Poetry Box review: Stacey Morrison & Jeremy Sherlock’s Kia Kaha – A storybook of Māori who changed the world

Kia Kaha: A storybook of Māori who changed the world, Stacey Morrison & Jeremy Sherlock, Penguin, 2021

E huri tō aroaro ki te rā, tukuna tō
ataarangi ki muri i a koe

Turn to face the sun and let your
shadow fall behind you

(Georgina Beyer page)

Kia Kaha: A storybook of Māori who changed the world is my favourite children’s book of 2021. It is groundbreaking, ground restoring, remarkable in its reach and empathy. Stacey Morrison and Jeremy Sherlock have gathered together Māori who deserve recognition and celebration (they acknowledge there are so many more they wanted to include). Stacey and Jeremy share the stories in a lovingly produced book that is like a meeting place, a heart lounge, a conversation map.

The book includes Māori who have excelled on the sports fields and courts, those who have worked hard to make the world a better place by fighting for the rights of Māori, of the Takatāpui and LGBTQIA+ communities. Those who have done amazing things in law, health, politics, education, the promotion of te reo Māori. Those who work hard in film, the arts, music, comedy, literature. Those who are activists. There are navigators, entrepreneurs, fashion designers. There are teams of people (the Māori All Blacks, the 28th Māori Battalion, the Māori Women’s Welfare League) and there are numerous individuals (Dame Whina Cooper, Dame Tariana Turia, Stan Walker, Patricia Grace, Taika Waititi, Ralph Hotere).

It was a genius idea to select twelve illustrators: Akoni Pakinga-Stirling (Te Arawa, Ngāti Whakaue, Ngāi Tahu), Haylee Ngāroma Solomon (Te Rarawa, Ngāpuhi), Isobel Joy Te Aho-White (Ngāti Kahungunu, Ngāi Tahu), Jessica Kathleen Thompson Carr aka Māori Mermaid (Ngāti Ruanui, Ngāruahine, Ngāpuhi, Pākehā), Josh Morgan (Te Aitanga-a-Māhaki, Rongowhakaata), Kurawaka Productions, Miriama Grace-Smith (Ngāti Hau, Ngāti Maniapoto, Ngāti Toarangatira and Ngāto Porou), Ngaumutane Jones aka Ms Meemo (Ngāti Kahungunu, Ngāi Tahu, Tainui, Ngāi Tūhoe, Whakatōhea), Reweti Arapere (Ngāti Raukawa, Ngāti Porou, Ngāti Tūwharetoa), Taupuruariki Whakataka-Brightwell (Rongowhakaata, Ngāti Raukawa, Ngāti Toa, Te Arawa), Xoë Hall (Kai Tahu), and Zak Waipara (Ngāti Porou, Rongowhakaata, Ngāti Kahungunu, Ngāti Ruapani). The artwork is dynamic, fresh, full of life. Glorious.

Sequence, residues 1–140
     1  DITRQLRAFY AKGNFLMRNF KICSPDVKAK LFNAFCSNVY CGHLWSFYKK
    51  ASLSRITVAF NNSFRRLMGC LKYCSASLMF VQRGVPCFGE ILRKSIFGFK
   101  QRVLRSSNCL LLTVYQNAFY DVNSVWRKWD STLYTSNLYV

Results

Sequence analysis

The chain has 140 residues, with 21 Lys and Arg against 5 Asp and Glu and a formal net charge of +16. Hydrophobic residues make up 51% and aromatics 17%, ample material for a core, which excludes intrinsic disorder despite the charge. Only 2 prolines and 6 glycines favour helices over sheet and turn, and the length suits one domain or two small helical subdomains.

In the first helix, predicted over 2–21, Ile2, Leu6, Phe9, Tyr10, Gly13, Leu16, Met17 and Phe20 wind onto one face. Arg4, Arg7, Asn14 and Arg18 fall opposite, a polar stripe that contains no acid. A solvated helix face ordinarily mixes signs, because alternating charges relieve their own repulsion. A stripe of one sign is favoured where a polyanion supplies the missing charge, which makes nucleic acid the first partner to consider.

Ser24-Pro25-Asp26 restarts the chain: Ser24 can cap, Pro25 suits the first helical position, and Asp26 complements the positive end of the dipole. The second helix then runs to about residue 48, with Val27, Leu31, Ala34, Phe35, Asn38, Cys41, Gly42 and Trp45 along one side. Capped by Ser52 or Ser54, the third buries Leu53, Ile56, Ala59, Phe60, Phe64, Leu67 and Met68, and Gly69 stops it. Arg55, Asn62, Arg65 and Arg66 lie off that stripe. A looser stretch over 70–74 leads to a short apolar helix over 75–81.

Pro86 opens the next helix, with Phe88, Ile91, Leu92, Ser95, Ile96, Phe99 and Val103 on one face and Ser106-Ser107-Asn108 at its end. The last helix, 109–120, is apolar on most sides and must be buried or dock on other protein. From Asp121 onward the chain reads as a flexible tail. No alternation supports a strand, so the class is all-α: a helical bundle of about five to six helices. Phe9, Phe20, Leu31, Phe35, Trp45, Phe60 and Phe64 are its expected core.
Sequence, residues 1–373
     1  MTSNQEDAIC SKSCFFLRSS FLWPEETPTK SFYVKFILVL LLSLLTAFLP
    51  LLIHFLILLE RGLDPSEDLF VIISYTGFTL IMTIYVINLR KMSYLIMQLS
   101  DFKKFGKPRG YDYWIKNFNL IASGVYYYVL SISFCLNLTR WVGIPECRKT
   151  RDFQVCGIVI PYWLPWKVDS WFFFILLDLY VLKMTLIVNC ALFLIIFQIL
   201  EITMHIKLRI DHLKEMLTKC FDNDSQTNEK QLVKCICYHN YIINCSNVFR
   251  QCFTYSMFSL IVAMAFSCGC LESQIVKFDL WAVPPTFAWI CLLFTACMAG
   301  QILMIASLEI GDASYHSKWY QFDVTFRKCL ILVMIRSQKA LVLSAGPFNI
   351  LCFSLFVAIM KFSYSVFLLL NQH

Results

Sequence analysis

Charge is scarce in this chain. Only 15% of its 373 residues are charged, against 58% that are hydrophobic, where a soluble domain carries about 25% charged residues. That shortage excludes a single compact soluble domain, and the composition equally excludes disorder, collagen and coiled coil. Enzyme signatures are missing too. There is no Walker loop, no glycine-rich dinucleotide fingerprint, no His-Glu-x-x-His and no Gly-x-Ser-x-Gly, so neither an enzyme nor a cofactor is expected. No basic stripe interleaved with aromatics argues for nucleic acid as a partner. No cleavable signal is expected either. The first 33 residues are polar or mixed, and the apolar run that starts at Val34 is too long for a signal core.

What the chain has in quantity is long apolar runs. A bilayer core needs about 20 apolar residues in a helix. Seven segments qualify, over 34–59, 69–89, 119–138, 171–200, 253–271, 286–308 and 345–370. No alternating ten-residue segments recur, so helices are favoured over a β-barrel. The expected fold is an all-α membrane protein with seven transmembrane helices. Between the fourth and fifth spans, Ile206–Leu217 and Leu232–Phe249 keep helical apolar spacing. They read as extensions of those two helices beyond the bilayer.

As I read each story I feel like I am sitting beside the editors on a warm rug (I have never met them) but it is though they are speaking to me, to all of us readers, and we are listening spellbound. Each story flows like honey, like everyday conversation. Glorious.

I also love the sayings that head each story. Little pieces of wisdom that catch important things about each person.

I see this magnificent and important book, this gift, this taonga, as a waka that sets sail into the future with song and recognition, ideas and heart, mahi and aroha. This is my favourite children’s book of 2021, no question.

E kitea ai ngā taonga o te moana
me mākū koe

To see the gifts of the ocean,
you must get wet

(Sir Hekenukumai Busby page)

Stacey Morrison (Te Arawa, Ngāi Tahu) is a radio and TV broadcaster whose projects have spanned 25 years. She is also a mama to three young tamariki who have been brought up with te reo Māori as their mother tongue. Stacey herself didn’t learn to speak Maori until she was an adult. It required a lot of research, determination, wonderful mentors and the support of a community to achieve her goal of becoming fluent by the time her children were born. Stacey and her husband Scotty co-wrote Māori at Home to help other families use te reo in everyday settings, and Stacey’s first children’s book, My First Words in Māori, became a number-one bestseller. Both Stacey and Scotty work with many groups and families to build Māori-language friendships and community for whanau. Stacey has also been an advisor on pre-schooler and children’s TV shows, which, along with her experiences with her own children, has helped her identify the words children pick up early in their language learning. As a winner of Te Taura Whiri i te Reo Māori Champion Award in 2016, and the winner of Waipunarangi – Te Reo and Tikanga Award 2021, as well as a graduate of Te Panekiretanga o te Reo (the Institute of Excellence in Māori Language), Stacey loves encouraging the learning and use of our country’s beautiful native language.

Jeremy Sherlock (Tainui, Ngāti Awa) was born and raised in the small town of Coromandel. Growing up, he loved sport, music and drawing and was always a bit of a bookworm. At the time, there wasn’t much of a selection of books written about and for Māori, but his grandfather’s tall stories, family histories, and Peter Gossage’s picture books about the myths of Aotearoa made a big and lasting impression. A couple of decades later, he joined the publishing industry as an editor of non-fiction. Over the years, Jeremy has worked in New Zealand and Australia for Reed, Penguin and Penguin Random House, specialising in biography and memoir, sports, history, pop culture and all things Māoritanga. He currently lives and works in Tamaki Makaurau as a freelance publishing consultant and writer. Kia Kaha, a collaboration with Stacey Morrison, is his first book.


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